I wrote this post some twenty four hours before Grandpa drew his last shuddering breath in July. Although it never mentions him or the grief Grandma and my uncle and aunts were suspended in, to publish it then seemed sacrilegious somehow. Today marks the six-month anniversary: it’s time.
I see there’s only a smudge left on the road; it would be ’bout the size of a sour cream container if it were actually round.
Rushing cherry metal met flitting, red-capped, black wing.
In the wake of the vehicle, the feathers shuddered and a wing flapped, but surely life had flown.
Minutes later I heard a desperate “Peep,” even from my half block away and looked.
The wings beat anxiously, propelling the bird a foot closer to the shoulder and safety.
I looked both ways, no strawberry customer in sight, and walked across the road, making little puffs of dust on the shoulder. Driven by instinct, I only wanted to help.
Red-winged blackbirds are territorial creatures. One flew menacingly at my grandma on her walks, because she happened to cross into his territory. I’ve, too, glanced warily at a red-winged blackbird hovering over me as I walk my river path.
This blackbird–will it let me help it?
I pick up a paintbrush on the shoulder. Wide as my hand, the lush bristles look nearly new. I wonder who’s missing it, though it seems God-sent to me.
Waiting on the shoulder in line with the desperate bird, I wait for the next vehicle to pass. I notice that its tires are lined up exactly with the bird. They spin and spin. I close my eyes.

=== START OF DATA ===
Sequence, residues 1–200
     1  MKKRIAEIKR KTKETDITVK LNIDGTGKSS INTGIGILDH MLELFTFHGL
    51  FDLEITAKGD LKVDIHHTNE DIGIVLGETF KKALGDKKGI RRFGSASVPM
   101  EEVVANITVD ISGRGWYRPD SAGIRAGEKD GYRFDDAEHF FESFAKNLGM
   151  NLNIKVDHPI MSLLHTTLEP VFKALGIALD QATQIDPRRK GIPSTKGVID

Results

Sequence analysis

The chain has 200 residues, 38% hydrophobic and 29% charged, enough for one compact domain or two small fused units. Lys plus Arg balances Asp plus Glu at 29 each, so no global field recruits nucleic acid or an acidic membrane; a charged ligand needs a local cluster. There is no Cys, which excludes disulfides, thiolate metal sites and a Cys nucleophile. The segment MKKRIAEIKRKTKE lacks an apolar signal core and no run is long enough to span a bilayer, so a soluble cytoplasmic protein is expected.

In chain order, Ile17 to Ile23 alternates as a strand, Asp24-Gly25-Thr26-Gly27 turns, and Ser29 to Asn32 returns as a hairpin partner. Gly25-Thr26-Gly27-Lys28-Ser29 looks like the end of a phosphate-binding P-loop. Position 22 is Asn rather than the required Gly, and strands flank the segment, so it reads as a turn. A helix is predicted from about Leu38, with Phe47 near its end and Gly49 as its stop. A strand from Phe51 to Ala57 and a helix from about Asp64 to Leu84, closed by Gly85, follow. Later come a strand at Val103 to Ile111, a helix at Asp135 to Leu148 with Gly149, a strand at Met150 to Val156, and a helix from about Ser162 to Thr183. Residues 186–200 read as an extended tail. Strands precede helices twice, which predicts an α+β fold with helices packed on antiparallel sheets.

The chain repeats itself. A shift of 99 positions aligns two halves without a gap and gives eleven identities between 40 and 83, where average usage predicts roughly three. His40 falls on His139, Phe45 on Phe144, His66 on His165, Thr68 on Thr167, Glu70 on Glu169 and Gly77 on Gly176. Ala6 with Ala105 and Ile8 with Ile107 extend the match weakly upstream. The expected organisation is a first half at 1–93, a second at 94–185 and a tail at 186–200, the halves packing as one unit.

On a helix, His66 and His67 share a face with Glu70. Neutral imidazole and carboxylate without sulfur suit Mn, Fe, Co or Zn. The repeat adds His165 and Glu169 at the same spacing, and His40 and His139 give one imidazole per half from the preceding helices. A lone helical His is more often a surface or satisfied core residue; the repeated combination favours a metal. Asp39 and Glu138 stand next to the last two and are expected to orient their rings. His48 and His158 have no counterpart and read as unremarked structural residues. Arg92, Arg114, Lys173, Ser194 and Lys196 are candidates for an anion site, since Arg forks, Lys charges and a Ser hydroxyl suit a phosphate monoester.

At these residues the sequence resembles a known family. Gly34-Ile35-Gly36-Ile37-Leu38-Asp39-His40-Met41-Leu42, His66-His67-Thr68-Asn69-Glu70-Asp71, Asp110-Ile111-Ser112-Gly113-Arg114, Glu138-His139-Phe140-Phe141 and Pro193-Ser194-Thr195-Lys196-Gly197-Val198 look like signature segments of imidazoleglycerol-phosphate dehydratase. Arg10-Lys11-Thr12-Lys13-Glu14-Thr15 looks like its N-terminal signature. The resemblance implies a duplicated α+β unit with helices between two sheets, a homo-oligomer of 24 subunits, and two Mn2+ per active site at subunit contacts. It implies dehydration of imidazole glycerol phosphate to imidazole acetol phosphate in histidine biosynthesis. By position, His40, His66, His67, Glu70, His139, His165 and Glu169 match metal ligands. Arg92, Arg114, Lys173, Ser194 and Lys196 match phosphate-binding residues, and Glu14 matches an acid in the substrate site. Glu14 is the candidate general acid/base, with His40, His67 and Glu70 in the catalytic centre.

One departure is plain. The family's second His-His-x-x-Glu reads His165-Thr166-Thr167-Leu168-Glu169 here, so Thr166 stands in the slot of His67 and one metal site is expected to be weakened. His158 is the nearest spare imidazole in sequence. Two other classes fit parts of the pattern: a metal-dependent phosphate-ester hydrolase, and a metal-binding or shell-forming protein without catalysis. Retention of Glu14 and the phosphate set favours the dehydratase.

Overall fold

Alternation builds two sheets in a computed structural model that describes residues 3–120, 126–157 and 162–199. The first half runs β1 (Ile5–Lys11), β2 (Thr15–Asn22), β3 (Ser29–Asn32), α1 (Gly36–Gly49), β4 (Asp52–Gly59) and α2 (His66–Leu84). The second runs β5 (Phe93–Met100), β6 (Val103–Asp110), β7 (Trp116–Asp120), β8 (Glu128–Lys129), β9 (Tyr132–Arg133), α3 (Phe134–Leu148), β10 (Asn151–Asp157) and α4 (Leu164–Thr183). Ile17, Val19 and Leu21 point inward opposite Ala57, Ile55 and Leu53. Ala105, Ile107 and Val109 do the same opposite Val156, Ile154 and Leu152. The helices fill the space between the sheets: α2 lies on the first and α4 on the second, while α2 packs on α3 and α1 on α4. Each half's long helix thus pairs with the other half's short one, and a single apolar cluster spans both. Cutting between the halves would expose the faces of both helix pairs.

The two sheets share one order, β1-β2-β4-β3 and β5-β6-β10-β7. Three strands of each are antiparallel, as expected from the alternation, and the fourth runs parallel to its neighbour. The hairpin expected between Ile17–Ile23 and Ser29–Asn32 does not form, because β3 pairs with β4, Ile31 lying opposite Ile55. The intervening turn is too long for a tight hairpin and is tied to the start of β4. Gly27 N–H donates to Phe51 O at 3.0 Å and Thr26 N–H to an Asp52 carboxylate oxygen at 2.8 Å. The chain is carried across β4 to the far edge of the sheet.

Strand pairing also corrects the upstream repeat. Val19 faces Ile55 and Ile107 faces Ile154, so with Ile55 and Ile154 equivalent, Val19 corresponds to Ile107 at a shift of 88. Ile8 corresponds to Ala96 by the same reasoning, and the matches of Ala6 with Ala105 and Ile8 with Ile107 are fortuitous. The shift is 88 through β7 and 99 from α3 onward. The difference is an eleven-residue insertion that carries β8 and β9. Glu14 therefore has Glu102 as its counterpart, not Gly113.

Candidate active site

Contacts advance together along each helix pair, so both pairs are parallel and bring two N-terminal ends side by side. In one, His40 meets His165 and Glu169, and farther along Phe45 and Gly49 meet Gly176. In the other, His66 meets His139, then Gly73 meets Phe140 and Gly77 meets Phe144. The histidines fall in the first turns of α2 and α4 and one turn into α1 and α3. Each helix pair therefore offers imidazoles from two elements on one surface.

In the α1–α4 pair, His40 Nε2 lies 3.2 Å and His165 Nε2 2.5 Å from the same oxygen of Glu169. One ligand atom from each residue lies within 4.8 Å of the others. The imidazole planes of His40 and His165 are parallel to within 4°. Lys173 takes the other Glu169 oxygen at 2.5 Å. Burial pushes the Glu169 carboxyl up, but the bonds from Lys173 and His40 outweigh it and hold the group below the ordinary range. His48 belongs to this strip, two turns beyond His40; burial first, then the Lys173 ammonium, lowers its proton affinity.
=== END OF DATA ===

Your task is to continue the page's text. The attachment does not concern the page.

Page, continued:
When I open them again, the bird is flattened, the vehicle slowing for the stop sign, and my heart divides.
What would I have done with a wounded red-winged blackbird? In helping it to the safety of the shoulder, would I have only prolonged it’s slow death? Really, all this is for the best.
Then, why does it still feel so wrong? Why can’t I reconcile myself to the death of a bossy, worthless bird?
I cross back over the road, wondering about sparrows and The Man Who valued them. I know He saw this blackbird fall.
This same Man, on the cusp of a new world, breathed into humankind the immortal soul.
We were not made for dying, for seeing death, for losing the loved ones around us.
Death and loss should hurt, because they are shoes the wrong size for our souls.
We were made to grow, to live, to have and to hold–forever.
No wonder then that even Jesus was overcome at the grave of Lazarus. While the God within Him waited to break the chains of death, the man within Him felt all the broken wrongness of loss. His friend had gone.
From this we receive the shortest and, perhaps, most poignant verse in God’s Word: “Jesus wept.” John 11:35
In the face of death and loss, God cried.
Here on earth, the ache will never leave: the shoes will never fit.
There, God will wipe the tears from our eyes, heal the wounds on our souls, and beckon, “Enter into the joy of your Lord.” Matthew 25:23b